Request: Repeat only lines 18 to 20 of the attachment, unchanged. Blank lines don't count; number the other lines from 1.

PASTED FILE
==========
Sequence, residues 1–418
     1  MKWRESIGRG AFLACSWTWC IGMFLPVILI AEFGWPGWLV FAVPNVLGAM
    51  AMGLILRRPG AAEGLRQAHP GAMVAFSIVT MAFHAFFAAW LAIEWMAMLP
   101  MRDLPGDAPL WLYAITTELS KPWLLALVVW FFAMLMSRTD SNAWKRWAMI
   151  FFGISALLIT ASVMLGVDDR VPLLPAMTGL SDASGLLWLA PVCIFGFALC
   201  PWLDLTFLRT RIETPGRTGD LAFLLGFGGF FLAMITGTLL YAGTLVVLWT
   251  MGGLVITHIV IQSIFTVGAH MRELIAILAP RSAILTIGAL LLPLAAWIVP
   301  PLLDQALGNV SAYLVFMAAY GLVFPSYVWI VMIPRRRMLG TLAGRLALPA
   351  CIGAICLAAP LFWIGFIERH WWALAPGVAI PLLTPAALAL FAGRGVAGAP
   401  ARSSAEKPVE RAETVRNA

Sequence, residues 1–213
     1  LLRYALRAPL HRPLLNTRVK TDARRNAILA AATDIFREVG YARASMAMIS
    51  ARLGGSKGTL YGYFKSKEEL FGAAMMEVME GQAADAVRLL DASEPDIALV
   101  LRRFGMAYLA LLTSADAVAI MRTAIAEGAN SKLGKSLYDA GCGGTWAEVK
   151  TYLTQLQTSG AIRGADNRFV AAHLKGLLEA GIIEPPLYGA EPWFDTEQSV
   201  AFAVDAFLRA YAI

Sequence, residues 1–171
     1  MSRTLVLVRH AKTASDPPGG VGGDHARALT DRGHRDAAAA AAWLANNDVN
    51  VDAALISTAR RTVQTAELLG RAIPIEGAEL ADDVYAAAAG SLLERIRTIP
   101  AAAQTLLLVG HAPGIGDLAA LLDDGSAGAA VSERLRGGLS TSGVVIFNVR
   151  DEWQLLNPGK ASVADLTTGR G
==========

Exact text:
     1  MSRTLVLVRH AKTASDPPGG VGGDHARALT DRGHRDAAAA AAWLANNDVN
    51  VDAALISTAR RTVQTAELLG RAIPIEGAEL ADDVYAAAAG SLLERIRTIP
   101  AAAQTLLLVG HAPGIGDLAA LLDDGSAGAA VSERLRGGLS TSGVVIFNVR